• A NSA strategy document reveals the agency's goal to acquire data from "anyone, anytime, anywhere" and expand its already broad legal powers. — November 22, 2013

• The NSA infected more than 50,000 computer networks worldwide with malware designed to steal sensitive information. — November 23, 2013

• The NSA gathers evidence of visits to pornographic websites as part of a plan to discredit Muslim jihadists. — November 26, 2013

• Working with Canadian intelligence, the NSA spied on foreign diplomats at the G-8 and G-20 summits in Toronto in 2010. — November 28, 2013

• The Netherlands' intelligence service gathers data on web-forum users and shares it with the NSA. — November 30, 2013

• A draft document reveals Australia offered to share information collected on ordinary Australian citizens with the NSA and other "Five Eyes" partners. — December 1, 2013

• The NSA siphons billions of foreign cellphone location records into its database. — December 4, 2013

• Widespread spying is revealed in Italy, with the NSA spying on ordinary Italians as well as diplomats and political leaders. — December 5, 2013

• Swedish intelligence was revealed to be spying on Russian leaders, then passing it on to the NSA. — December 5, 2013

• A document reveals the extent of the relationship between NSA and Canadian counterparts, which includes information-sharing and Canada allowing NSA analysts access to covert sites it sets up. — December 9, 2013

• Intelligence operatives with NSA and GCHQ infiltrate online video games such as "World of Warcraft" in an effort to catch and stop terrorist plots. — December 9, 2013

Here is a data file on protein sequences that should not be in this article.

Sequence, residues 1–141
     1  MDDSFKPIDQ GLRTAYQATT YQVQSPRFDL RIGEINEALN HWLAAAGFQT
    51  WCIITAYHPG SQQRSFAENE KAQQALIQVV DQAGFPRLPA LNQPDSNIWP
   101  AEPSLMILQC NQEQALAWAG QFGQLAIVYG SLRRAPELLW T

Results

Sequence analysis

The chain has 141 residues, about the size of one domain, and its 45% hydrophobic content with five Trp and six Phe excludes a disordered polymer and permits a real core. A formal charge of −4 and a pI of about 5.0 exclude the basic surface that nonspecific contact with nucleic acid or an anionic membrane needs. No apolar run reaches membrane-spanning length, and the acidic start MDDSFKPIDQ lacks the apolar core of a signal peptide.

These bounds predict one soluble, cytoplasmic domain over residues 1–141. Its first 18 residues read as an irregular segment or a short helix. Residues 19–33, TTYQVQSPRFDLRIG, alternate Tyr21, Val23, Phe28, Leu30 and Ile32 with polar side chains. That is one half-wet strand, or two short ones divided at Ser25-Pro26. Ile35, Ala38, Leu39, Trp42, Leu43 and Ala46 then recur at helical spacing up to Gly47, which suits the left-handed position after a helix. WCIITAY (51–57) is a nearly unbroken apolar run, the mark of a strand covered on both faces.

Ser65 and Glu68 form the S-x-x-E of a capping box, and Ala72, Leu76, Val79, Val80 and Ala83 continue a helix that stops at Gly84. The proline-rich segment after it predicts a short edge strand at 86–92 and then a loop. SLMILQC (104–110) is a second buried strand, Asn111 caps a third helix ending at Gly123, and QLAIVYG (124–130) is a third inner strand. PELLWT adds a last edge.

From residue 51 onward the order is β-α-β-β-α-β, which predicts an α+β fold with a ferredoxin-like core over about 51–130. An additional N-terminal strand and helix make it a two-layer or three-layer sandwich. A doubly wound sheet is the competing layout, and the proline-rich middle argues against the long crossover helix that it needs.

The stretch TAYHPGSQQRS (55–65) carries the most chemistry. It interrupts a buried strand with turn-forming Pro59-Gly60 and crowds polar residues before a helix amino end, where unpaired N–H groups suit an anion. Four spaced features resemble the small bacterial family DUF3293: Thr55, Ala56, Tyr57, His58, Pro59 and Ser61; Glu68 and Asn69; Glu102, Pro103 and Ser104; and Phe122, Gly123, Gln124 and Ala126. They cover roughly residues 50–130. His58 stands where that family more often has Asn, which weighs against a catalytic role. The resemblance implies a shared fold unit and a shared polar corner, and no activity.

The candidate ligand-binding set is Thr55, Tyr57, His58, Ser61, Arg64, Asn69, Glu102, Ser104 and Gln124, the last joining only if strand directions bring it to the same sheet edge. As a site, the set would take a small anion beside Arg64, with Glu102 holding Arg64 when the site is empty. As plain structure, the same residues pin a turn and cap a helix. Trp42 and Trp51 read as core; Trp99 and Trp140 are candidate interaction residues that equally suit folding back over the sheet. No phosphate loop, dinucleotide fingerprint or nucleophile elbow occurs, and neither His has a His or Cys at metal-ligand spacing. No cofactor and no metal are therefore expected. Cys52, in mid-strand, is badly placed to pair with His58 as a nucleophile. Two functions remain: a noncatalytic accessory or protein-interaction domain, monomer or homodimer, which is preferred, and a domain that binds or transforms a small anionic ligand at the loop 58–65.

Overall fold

• Piggybacking on online "cookies" acquired by Google that advertisers use to track consumer preferences, the NSA is able to locate new targets for hacking. — December 10, 2013

• The NSA has the ability to decrypt the common A5/1 cellphone encryption cipher. — December 13, 2013

• The NSA secretly paid the computer security firm RSA $10 million to implement a "back door" into its encryption. — December 20, 2013

• A document reveals how Britain's GCHQ spied on Germany, Israel, the European Union, and several nongovernmental organizations. — December 20, 2013

• With a $79.7 million research program, the NSA is working on a quantum computer that would be able to crack most types of encryption. — January 2, 2014

• Using radio transmitters on tiny circuit boards or USB drives, the NSA can gain access to computers not connected to the internet. — January 14, 2014

• The NSA scoops "pretty much everything it can" in untargeted collection of foreign text messages for its Dishfire database. — January 16, 2014

• The NSA scoops up personal data mined from smartphone apps such as Angry Birds. — January 27, 2014

• A GCHQ program called Squeaky Dolphin monitors YouTube, Facebook, and Blogger for "broad real-time monitoring of online activity." — January 27, 2014
The NSA scoops "pretty much everything it can" in untargeted collection of foreign text messages.

• The NSA spied on negotiators during the 2009 UN climate change conference in Copenhagen, Denmark. — January 29, 2014

• CSEC, Canada's national cryptologic agency, tested a pilot program with the NSA that captured metadata from users who had logged into free airport Wi-Fi. — January 30, 2014

• Britain's GCHQ waged war on hacker groups such as Anonymous and Lulzsec, mounting Distributed Denial-of-Service attacks and infiltrating their chat rooms. — February 5, 2014

• The NSA reportedly monitored former German Chancellor Gerhard Schröder in the run-up to the Iraq war. — February 5, 2014

• Britain's GCHQ used "dirty tricks" such as computer viruses and sexual "honey traps" to target adversaries. — February 7, 2014

• The US's "targeted killing" program of drone strikes relies mostly on cellphone metadata and geolocation, rather than on-the-ground human intelligence. — February 10, 2014